Role-playing: "pretending" to use the target language for real-life communication
At the next level of interaction/interactivity, we see more open-ended activities with more room for learner initiative and which come closer to genuine communication. Communicative language teaching and task-based language teaching assume that classroom interaction should mimic real-world interaction, and in language for specific purposes (LSP) contexts, for example, it is a relatively simple matter to identify relevant role-play situations: at the travel agent's, asking for directions, buying groceries. In school contexts, the question of what constitutes an authentic task is not so straightforward: learners are isolated from the "real world," or rather their real world includes the classroom. Thus an authentic task might include learning activities which are common in non-language classes, such as giving presentations, making posters and holding debates. An activity which is not fully authentic would then involve learners pretending to participate in real-life communicative situations.
This example comes from a high school class working on the topic of the environment. The teacher sets up a debate where learners play the role of stereotypical opponents on climate change: "Johnny Greensleeves" on the environmentalist side versus "Alexander Cigaroff" for big business. The activity is not real communication in the sense that learners voice their own opinions or accomplish an authentic task, but they do play roles. The IWB supports their unplanned contributions with the words and text from the file page.
In another high school context, German secondary EFL learners match parts of sentences to make meaningful news items using drag and drop. This activity is placed in a real-world context as the teacher introduces it by saying she collected news stories over the weekend but that they had "unfortunately" become mixed up, and the learners must help put them back together. The language used during the activity corresponds to this fictional situation because the teacher focuses on the meaning of the sentences by asking follow-up questions related to the content rather than form of the sentences ("Which team were Mannheim playing?" "Did you go to the market?")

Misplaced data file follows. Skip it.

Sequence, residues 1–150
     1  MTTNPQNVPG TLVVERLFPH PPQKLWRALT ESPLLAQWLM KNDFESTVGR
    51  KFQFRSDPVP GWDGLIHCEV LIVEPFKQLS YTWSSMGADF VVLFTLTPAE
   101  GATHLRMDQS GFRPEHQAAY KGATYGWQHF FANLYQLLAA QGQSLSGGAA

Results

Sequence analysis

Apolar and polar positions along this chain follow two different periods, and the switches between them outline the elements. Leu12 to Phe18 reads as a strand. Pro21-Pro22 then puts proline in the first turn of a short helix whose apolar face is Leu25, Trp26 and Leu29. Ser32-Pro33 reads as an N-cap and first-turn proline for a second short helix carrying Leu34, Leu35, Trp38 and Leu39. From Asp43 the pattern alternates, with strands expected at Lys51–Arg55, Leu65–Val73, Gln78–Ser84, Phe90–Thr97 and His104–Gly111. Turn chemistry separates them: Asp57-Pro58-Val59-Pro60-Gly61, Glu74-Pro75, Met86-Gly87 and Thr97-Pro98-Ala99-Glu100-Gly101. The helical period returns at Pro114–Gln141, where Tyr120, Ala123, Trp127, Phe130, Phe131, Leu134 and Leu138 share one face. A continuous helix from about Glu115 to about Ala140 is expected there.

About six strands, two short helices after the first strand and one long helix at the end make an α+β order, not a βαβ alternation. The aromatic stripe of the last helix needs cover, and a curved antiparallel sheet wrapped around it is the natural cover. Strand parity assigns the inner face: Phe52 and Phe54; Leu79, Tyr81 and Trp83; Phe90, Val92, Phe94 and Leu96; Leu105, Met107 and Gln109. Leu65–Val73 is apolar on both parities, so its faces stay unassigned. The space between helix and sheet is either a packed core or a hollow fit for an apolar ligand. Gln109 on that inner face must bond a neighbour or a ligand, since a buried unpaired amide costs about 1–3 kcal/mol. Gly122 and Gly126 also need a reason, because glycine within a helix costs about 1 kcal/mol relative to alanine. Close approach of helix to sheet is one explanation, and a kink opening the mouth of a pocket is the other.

Communicating in the target language through language tasks
In this final category of target language interaction, we see activities which are closely aligned with real-life tasks and where a genuine, unplanned exchange of information takes place. In such situations learners seem truly to be interacting spontaneously in the target language, focusing on meaning rather than on form, and on expressing their ideas rather than simply displaying their language competence.
In this memory game, German high school learners need to read short texts in order to match them with headshots of the famous people described. At first sight this might seem like a classic example of displaying competence, but in fact the declarative knowledge required to complete the task makes it comparable to any number of school activities for these learners outside English class which require them to assimilate information and apply it in various test contexts. In addition, the teacher facilitates focus on task completion by encouraging learners to help each other succeed in the task rather than concentrate on the linguistic items themselves.
In the second example, German lower secondary learners also engage in an authentic classroom task involving a student presentation. As they would do in a mother-tongue class, the learners try to develop their audience's interest in their topic and then convey information related to the topic, incorporating class feedback. Here they use the IWB's spotlight feature to focus attention and create a measure of suspense.
These nine examples of classroom practice with French and German primary and secondary learners demonstrate the range of types of interaction that can be found in second language teaching with the IWB. They show that the IWB can be used in many different types of interactive contexts, from highly controlled language practice in the form of drills to facilitate vocabulary acquisition, pronunciation, listening discrimination and grammar through to genuinely communicative tasks which might usefully be performed even in the pupils' native language and thus offer opportunities for meaningful, contextualised and spontaneous language production.